The student may elect to discontinue the appeal process at any level.

The failure of the student to proceed from one level of the appeal procedure to the next level within the prescribed time limits shall be deemed to be an acceptance of the decision previously rendered. All further considerations and proceedings regarding that particular appeal will cease at that point. Under unusual circumstances, deadlines may be extended.

The following table illustrates the specific person to whom an appeal is directed, depending upon the academic program in which the course under appeal is offered. The three levels of appeal must be followed sequentially.

Traditional Undergraduate

Professor Department Chair or Director of Interdepartmental or Interdisciplinary Program Dean, School of Arts and Sciences, Skinner School of Business and Technology, Millard Reed School of Theology and Christian Ministry, School of Education, or University Provost

Career Internships

A career internship is a credit-bearing course which places a student in a professional setting in his or her career field. The student is under the contract supervision of a professional for one semester. The purpose is to provide the student an introduction to job search skills, a clarity of career focus, an apprentice learning experience, and networking opportunities for future career employment.


  • The student must be a junior or senior with a GPA of 2.5.
  • The internship must be in the student’s major or career field.
  • The student must be in good standing with the University.
  • The internship site must enter into a learning contract with Trevecca.
  • The student must register for the internship during the semester of participation in the internship.

Career Internships, offered only in majors where professional experience is not already built into the required curriculum, are coordinated by the coordinator of junior and senior year programs (Center for Leadership, Calling, and Service) and require a faculty sponsor within the academic department. Career Internship planning should be initiated the semester prior to the internship and must be done according to processes described in Trevecca Internships Guidelines. A student may earn one, two, or three credit hours per internship, with 55 work hours required for one credit hour, 110 for two credit hours, and 165 for three credit hours. A maximum of six credit hours total may be earned for all internships. Two internships are recommended prior to graduation.

Class Attendance

Trevecca Nazarene University is committed to the idea that regular class attendance is necessary for student success; consequently, students are expected to attend all class sessions of courses for which they are registered. When absent, the student is personally responsible for all class work assigned in a course, even during the absence, and should take the initiative to contact the instructor and discuss an appropriate course of action. Attendance counts from the first day of a course whether students are registered or not.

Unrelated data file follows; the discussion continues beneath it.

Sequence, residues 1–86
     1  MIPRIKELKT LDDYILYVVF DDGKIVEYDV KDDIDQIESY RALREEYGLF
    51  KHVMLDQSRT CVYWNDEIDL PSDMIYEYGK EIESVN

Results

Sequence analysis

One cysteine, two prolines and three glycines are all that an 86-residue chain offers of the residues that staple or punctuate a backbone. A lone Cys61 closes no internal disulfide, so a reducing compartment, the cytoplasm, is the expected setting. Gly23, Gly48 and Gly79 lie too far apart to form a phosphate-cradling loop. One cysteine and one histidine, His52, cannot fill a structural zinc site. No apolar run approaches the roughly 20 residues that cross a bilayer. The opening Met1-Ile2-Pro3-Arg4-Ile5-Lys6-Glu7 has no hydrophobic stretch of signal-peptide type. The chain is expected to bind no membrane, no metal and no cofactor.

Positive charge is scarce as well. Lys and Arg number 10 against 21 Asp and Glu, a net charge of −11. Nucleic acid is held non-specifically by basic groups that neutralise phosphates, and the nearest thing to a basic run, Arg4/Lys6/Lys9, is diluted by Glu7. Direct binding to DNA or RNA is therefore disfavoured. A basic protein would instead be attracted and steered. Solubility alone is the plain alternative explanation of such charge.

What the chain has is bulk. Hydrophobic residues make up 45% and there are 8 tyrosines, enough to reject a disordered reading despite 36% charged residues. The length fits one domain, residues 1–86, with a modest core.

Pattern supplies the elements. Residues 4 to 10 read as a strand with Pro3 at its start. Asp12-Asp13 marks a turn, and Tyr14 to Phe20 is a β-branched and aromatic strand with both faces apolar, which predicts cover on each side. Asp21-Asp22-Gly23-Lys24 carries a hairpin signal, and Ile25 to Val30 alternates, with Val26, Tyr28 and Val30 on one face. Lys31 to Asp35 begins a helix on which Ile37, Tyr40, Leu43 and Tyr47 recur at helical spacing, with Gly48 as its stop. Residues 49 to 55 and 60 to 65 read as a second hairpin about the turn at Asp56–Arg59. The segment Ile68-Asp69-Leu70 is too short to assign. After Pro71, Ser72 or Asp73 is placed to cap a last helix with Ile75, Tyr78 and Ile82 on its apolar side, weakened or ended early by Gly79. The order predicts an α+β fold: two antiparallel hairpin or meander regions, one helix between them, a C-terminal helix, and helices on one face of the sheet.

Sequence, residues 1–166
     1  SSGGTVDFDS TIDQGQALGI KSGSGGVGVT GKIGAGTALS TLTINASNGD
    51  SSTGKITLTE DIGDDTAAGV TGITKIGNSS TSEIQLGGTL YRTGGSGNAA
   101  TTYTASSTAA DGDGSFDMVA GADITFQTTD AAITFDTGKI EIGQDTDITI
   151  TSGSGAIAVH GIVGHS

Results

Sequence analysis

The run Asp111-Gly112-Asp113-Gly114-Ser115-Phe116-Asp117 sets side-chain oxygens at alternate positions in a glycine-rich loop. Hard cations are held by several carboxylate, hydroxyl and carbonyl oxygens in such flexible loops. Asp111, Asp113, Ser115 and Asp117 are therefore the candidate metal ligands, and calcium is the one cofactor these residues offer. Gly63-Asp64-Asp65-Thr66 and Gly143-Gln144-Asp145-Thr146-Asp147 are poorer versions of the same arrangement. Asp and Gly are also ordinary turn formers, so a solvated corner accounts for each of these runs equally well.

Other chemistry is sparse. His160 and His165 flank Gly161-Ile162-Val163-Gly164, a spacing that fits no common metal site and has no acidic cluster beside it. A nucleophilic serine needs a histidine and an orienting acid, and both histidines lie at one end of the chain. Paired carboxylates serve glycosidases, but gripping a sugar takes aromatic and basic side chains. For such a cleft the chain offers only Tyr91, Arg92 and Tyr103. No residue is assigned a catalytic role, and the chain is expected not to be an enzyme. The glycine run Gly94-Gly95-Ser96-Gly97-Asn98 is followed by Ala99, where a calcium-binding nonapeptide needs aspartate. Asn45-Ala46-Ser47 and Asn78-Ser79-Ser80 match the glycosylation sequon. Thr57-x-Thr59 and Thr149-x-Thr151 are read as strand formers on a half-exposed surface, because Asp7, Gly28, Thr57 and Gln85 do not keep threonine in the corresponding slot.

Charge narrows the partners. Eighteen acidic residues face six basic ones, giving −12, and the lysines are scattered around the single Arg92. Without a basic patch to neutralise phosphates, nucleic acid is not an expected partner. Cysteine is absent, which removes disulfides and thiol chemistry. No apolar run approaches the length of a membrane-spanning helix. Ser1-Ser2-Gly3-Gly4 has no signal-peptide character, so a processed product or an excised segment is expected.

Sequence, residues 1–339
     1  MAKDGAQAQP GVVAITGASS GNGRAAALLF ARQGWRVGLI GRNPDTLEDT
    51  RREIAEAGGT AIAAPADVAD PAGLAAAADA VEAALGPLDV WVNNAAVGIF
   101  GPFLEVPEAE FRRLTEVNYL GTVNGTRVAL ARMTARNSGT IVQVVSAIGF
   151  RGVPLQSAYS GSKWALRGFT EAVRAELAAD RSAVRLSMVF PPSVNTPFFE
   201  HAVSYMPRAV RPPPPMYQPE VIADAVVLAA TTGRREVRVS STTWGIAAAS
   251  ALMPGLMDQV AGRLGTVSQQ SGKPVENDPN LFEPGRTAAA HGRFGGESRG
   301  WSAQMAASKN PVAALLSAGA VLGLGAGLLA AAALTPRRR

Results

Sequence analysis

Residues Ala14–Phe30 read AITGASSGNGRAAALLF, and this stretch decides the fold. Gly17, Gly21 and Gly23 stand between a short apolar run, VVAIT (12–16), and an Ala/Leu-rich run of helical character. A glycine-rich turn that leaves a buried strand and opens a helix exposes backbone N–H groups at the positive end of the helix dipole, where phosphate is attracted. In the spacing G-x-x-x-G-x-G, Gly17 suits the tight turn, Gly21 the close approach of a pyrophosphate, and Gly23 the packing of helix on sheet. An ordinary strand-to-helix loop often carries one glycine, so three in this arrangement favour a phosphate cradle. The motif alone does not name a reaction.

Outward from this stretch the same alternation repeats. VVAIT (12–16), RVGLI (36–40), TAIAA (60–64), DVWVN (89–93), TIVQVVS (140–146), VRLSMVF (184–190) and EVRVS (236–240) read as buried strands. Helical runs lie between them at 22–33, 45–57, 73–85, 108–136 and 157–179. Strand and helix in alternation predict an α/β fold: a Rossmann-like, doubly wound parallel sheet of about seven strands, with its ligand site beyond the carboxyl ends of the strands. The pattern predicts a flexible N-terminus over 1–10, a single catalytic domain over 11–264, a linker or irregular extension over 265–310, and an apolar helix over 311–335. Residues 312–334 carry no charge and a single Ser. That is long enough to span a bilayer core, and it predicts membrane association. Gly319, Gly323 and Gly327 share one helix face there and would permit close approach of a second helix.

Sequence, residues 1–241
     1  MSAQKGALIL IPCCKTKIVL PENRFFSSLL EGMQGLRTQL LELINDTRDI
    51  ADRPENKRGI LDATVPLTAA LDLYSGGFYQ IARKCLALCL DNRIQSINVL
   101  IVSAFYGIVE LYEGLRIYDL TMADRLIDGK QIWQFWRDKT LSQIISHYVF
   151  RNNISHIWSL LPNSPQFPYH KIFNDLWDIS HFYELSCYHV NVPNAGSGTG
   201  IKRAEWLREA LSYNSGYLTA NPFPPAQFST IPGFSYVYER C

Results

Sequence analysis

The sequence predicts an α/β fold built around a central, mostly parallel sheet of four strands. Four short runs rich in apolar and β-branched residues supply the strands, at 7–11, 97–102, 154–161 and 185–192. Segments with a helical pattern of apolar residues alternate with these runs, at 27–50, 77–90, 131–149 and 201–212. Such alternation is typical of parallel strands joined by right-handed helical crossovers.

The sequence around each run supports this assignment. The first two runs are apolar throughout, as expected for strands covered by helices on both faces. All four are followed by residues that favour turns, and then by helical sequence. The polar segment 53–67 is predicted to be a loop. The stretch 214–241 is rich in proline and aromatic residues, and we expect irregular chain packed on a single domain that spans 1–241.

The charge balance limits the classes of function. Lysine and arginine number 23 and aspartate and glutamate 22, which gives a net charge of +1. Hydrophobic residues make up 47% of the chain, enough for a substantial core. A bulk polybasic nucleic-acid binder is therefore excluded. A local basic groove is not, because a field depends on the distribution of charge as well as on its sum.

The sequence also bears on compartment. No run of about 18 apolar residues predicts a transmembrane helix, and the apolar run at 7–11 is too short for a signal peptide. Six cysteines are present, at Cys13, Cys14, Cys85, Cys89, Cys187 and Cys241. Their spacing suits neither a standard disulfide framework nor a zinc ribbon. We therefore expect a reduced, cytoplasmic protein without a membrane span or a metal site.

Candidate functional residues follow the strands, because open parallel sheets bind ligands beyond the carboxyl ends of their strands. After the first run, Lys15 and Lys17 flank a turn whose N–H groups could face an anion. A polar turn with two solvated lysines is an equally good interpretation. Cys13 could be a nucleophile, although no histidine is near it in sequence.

The total number of excused and unexcused absences for a student cannot exceed 20% of the total class time.

Traditional Undergraduate Program Students

A course attendance policy is included on each university traditional undergraduate course syllabus. The maximum numbers of allowed absences in traditional face-to-face courses are documented in the following table:

 Weekly class meetings

Allowed absences 









A traditional undergraduate student enrolled in an online course must meet the course attendance policy for an online course as stated in the following section on “Students in Online Courses.”

Excused absences for traditional students are defined only as an extended illness verified by a licensed medical professional, participation in an approved university related event, or another legitimate cause as determined by the instructor. University-related events for which these students may be excused include, but are not limited to, prearranged class-related field trips, official assignments by the university, and participation in scheduled intercollegiate athletic events. The Office of Academic Affairs sends out notification to the campus for these events. For an excused absence, the student must provide proper documentation according to the course attendance policy. It is the student’s responsibility to contact professors to make up work even in the case of a university-related excused absence.

Non-traditional Undergraduate and Graduate Students

A course attendance policy for each course in a non-traditional face-to-face undergraduate or graduate program is included in the course syllabus, program catalog, or program handbook. Students are allowed one absence in courses that are five class sessions or more in length and no absence in a course that has four class sessions or fewer. There are no excused absences in these courses.

A non-traditional undergraduate or graduate student enrolled in an online course must meet the course attendance policy for an online course as stated in the following section on “Students in Online Courses.”

Students in Online Courses

Students enrolled in online courses are allowed one absence in courses that are five class sessions or more in length and no absences in a course that has four class sessions or fewer. There are no excused absences in these courses.